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Iran official suggests pre-emptive Israel strike

As nuclear tensions escalate, threats grow

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Tensions regarding Iran's nuclear program escalated as Tehran's armed forces staged exercises over the weekend and Iranian leaders vowed to retaliate against Western sanctions and any Israeli strike on the regime's atomic sites.

What's more, an Iranian official called for a pre-emptive missile attack on Israel before the end of the year to prevent an Israeli attack on the Islamic republic. According to Israel's Channel 2 on Sunday, Ahmed Tavakoli, head of the Iranian Parliament's research center, posted the remark on the institute's website.

Meanwhile, Brig. Gen. Hossein Salami, deputy commander of the elite Islamic Revolutionary Guard Corps, warned that Iran would punish military strikes against his country's nuclear program, which Western nations fear is developing an atomic weapon.

His militia staged exercises over the weekend near the southern city of Jiroft, according to state media.

The military drills were executed a day after Iran's supreme leader vowed that "sanction will not have any impact on our determination to continue our nuclear course."

In recent days, Israeli officials have issued some of their strongest warnings to date that the Jewish state will not allow Iran to do that.

"Whoever says 'later' may find that later is too late," Israeli Defense Minister Ehud Barak said Thursday, referring to fears that, once Iran completes a new underground nuclear facility near Qom, its program will be immune from attack.

Israeli officials have said they will not allow Iran to enter this "zone of immunity."

U.S. officials have said they will not allow Iran to build a nuclear weapon and have not ruled out military action to stop them. But they believe the Islamic regime has not yet decided whether to create an atomic bomb.

Although small-scale, the exercises by the Revolutionary Guard Corps, whose senior leadership was implicated in a foiled terror plot against the Saudi ambassador in Washington last year, could stoke U.S. concerns that an Israeli strike against Iran's nuclear program might blow back against the United States.

U.S. officials believe "Iranian retaliation would fall largely on U.S. military and even civilian personnel" serving in neighboring Iraq and Afghanistan, said Barbara Slavin, a senior fellow at the Atlantic Council think tank in Washington.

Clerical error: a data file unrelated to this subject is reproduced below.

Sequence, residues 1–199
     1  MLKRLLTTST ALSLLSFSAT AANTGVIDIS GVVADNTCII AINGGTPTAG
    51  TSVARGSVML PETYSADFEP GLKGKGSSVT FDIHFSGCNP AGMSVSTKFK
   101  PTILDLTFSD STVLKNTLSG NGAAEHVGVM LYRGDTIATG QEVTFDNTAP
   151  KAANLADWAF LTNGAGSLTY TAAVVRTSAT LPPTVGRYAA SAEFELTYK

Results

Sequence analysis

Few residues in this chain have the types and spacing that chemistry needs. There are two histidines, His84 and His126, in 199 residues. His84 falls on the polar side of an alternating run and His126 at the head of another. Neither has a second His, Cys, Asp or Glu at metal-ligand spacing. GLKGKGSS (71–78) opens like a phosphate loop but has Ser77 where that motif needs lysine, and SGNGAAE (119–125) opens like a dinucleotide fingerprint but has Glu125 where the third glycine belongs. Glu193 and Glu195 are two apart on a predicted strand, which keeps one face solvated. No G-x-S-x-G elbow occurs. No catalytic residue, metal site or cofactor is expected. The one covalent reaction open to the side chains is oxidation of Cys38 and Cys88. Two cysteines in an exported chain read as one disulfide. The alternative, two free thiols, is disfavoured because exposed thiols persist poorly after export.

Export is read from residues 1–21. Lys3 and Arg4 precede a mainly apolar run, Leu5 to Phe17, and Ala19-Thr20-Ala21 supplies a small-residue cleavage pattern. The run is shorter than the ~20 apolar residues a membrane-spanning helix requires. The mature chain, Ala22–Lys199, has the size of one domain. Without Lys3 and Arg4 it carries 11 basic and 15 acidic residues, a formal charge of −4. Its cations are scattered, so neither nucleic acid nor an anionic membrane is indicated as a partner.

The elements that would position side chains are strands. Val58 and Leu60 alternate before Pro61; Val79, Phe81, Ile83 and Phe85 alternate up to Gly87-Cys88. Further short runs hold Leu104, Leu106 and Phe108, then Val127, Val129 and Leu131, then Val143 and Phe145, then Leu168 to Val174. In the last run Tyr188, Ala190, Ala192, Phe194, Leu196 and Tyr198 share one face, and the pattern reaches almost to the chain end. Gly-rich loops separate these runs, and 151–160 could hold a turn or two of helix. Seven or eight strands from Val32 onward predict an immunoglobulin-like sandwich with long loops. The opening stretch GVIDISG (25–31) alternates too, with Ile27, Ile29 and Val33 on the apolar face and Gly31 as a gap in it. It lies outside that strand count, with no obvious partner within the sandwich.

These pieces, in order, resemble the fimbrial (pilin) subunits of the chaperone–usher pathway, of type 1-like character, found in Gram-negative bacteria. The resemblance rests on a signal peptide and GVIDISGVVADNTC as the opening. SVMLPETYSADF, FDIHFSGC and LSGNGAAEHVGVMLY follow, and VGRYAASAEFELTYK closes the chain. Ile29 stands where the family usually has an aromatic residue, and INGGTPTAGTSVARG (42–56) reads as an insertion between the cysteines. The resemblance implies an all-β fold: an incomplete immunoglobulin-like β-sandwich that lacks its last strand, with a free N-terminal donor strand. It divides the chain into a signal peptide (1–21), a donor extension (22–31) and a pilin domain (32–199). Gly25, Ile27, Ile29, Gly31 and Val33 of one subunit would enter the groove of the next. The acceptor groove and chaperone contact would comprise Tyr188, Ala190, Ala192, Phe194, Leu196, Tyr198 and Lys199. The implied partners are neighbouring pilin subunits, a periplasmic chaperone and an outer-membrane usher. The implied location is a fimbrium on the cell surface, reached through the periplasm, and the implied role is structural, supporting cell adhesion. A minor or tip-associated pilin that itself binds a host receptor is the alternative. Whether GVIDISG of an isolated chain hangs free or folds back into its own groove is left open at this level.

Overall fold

Top U.S. intelligence officials told lawmakers last week that Iran might use terrorist or criminal proxies to strike at American and allied targets, including in the U.S. homeland, in response to real or perceived U.S. actions that threaten the regime.

Defense Secretary Leon E. Panetta said last week that he believes Israel could attack in the spring. The comments, which he has declined to dispute, were the latest in a series of public comments by U.S. officials rasing the specter of an Israeli strike.

The comments, Ms. Slavin said, are part of a concerted effort by U.S. officials "to smoke the Israelis out," forcing Israeli officials into an unprecedented public debate about their options. "We are telling them every which way we can 'Don't do it,' " she said.

The Obama administration does not want Israel to strike because it would send the price of oil soaring and smash the international coalition against Iran that the United States has established, she added.

"The Israelis would be doing [Tehran] a huge favor if they attack," because a divided and increasingly impoverished Iranian people undoubtedly would rally behind their leaders, Ms. Slavin said.

Israeli Foreign Affairs Ministry spokesman Mark Regev said there would be "no comment, no response," to Mr. Panetta's comments

But a veteran Iran scholar said bellicose rhetoric from Iranian leaders is to be expected as Iran celebrates the anniversary of its Islamic revolution.

"The rhetoric always becomes very heated at this time of year," said Judith S. Yaphe, a research fellow at the National Defense University. "They will make very aggressive remarks. They will launch their latest, newest, flashiest technology."

Abraham Rabinovich in Jerusalem contributed to this article, which is based in part on wire service reports.

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